Rambouillet sheep are self-reliant and adaptable to harsh environments and climates. Their tendency to stick together in flocks helps them in large open spaces and ranches. They are a dual-purpose wool and meat breed known to be docile, making them ideal for the sheep industry.
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Origin of Rambouillet Sheep
Rambouillet sheep were bred from a select few hundred of the finest Merino sheep from Spain in 1786 and 1799 by the French government at its national sheepfold at Rambouillet, France.
Rambouillet sheep were introduced to the United States in 1840, where they thrive on the western ranges.
Rambouillet Sheep Characteristics
The Rambouillet is considered one of the top breeds of fine wool sheep.
It’s the largest fine wool sheep, and is a dual-purpose breed well known for its wool and meat. It has a white face and white legs. The wool around the Rambouillet sheep’s face can become heavy and cause wool blindness. This problem has largely been solved through selective mating practices.
Rambouillet rams have spectacular horns that curl near the head or away from the face. Rambouillet ewes are most often polled or without horns.
Rambouillet sheep have a calm temperament and interact well with humans, mainly keeping to themselves. They do not display aggressive traits and rarely fight.
|Appearance||White face and white legs. Rams have impressive curved horns. Ewes most often have no horns.|
|Weight||250-300 pounds (Rams), 150-200 pounds (Ewes)|
|Wool||Bright cream or white. Uniform, dense, and high yielding. The staple averages 4.5 inches (mixture of long and fine staples). An average fleece yield 35-55%. Fine fiber of 18.5 to 24.5 microns.|
|Fertility||Lengthy breeding phase. Lambs grow fast.|
|Meat||Not high quality meat. Crossbred with other breeds to improve flavor profile.|
|Other attributes||Calm temperament. Strong flocking instincts.|
|Common uses||Wool production.|
Rambouillet Breeding & Fertility
Rambouillet sheep offer commercial farmers an above-average growth rate higher than many small fine wool breeds. The lambs grow fast under good feeding conditions. They produce satisfactory market weights from six to nine months of age.
The Rambouillet breed has a lengthy breeding phase which is sought after by farmers in the commercial space. The characteristic makes the ewes a solid foundation for crossbreeding programs.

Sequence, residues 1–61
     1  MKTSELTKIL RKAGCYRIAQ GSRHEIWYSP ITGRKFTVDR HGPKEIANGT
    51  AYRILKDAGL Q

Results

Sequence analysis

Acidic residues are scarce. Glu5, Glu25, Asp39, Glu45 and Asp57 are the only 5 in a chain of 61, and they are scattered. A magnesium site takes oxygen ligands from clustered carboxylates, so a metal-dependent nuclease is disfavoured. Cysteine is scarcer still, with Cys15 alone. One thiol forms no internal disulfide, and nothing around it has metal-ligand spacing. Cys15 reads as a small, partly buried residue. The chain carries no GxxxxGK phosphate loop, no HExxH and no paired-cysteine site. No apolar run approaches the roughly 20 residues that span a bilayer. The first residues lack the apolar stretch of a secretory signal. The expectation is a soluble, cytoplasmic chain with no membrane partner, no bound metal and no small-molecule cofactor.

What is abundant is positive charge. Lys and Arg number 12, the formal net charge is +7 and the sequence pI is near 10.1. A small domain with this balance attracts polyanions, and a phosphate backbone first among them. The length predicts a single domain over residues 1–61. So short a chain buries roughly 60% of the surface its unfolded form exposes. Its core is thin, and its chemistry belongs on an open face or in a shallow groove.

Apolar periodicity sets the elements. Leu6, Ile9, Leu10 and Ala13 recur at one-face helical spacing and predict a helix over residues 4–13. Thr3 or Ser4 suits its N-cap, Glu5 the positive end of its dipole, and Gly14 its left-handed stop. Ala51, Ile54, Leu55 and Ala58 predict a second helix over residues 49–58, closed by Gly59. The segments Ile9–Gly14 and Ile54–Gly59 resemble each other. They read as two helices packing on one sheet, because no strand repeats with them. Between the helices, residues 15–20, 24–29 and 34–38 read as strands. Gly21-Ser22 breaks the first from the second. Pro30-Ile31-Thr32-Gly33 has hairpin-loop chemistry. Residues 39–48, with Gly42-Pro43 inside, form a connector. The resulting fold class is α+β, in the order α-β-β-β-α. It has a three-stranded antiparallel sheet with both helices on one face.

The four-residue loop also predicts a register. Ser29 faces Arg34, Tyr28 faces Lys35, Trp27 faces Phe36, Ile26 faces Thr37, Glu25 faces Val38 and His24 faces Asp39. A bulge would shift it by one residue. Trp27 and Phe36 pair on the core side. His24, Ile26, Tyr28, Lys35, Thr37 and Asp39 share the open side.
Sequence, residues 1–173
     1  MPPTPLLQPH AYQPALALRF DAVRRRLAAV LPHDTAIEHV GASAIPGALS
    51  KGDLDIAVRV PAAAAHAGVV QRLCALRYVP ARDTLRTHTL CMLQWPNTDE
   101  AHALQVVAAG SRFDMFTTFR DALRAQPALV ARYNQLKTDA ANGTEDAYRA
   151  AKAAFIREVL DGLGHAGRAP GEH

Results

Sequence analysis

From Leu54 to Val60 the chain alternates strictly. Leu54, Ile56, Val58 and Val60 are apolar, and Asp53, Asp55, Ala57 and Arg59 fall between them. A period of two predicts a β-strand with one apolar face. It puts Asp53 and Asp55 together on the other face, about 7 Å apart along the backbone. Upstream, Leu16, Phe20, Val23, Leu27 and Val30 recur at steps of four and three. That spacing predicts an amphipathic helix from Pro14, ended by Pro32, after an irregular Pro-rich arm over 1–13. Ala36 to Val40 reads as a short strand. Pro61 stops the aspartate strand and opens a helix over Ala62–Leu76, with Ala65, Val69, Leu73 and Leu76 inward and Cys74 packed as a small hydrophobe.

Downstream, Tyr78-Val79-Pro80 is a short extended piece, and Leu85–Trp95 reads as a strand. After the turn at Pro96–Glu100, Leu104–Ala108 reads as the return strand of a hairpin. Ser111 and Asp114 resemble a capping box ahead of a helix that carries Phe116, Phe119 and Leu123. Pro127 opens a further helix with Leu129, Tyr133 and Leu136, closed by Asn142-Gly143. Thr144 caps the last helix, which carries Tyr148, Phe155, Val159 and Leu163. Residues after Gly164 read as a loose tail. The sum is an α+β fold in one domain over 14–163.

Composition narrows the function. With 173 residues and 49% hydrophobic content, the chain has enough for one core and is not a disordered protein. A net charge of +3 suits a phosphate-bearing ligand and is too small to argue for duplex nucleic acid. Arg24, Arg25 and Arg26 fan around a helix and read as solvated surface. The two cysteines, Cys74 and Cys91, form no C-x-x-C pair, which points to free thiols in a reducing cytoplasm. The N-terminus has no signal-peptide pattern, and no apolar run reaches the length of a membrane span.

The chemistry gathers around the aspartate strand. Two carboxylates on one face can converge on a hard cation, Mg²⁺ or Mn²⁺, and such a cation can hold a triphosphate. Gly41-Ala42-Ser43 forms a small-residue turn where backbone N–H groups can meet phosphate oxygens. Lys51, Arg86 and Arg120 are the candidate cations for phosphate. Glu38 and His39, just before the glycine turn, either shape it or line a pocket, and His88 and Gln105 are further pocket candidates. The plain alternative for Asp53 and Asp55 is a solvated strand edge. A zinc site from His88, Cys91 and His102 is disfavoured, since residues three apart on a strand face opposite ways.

What Is the Quality of Rambouillet Sheep Wool?
Wool production is one of the primary uses for Rambouillet sheep and a significant reason for farming or breeding them.
The fleece of the Rambouillet sheep breed ranges from bright cream to white. It is uniform, dense, and high yielding. The staple is on average 4.5 inches and is a mixture of long and fine staples. An average fleece should have a yield of 35-55%. The fiber is fine, measuring between 18.5 to 24.5 microns.
Most people are comfortable wearing the resulting fabrics directly against their skin.
Fibers spun from Rambouillet sheep wool are often used for babywear, for garments worn close to the skin, and as a blend with other exotic fibers.
What Kind of Meat Do Rambouillet Sheep Produce?
While the Rambouillet is renowned for its high-quality wool, it also produces meat.
However, it isn’t high quality meat. Rambouillet sheep have meaty bodies, but its yields of edible or saleable meat are low. Rambouillet sheep are often crossbred with other breeds to increase and improve the flavor profile of the meat produced.
At maturity, Rambouillet rams can reach weights between 250 and 300 pounds, while the ewes can hit weights of 150 to 200 pounds.
What Environments Are Best for Rambouillet Sheep?
Rambouillet sheep are hardy animals that thrive in most climates and perform well on sub-par pastures. It is still essential to provide proper pasture rotation and good quality feed. In the Western United States, they are one of the most common breeds of sheep.
Their flocking instincts are strong, which is beneficial if you raise them on an open range.
American Rambouillet Sheep Breeders Association
Established in 1889, the mission of the American Rambouillet Sheep Breeders Association is to promote the purity of the breed of the Rambouillet sheep.
The headquarters for the association can be found in Hawley, Texas.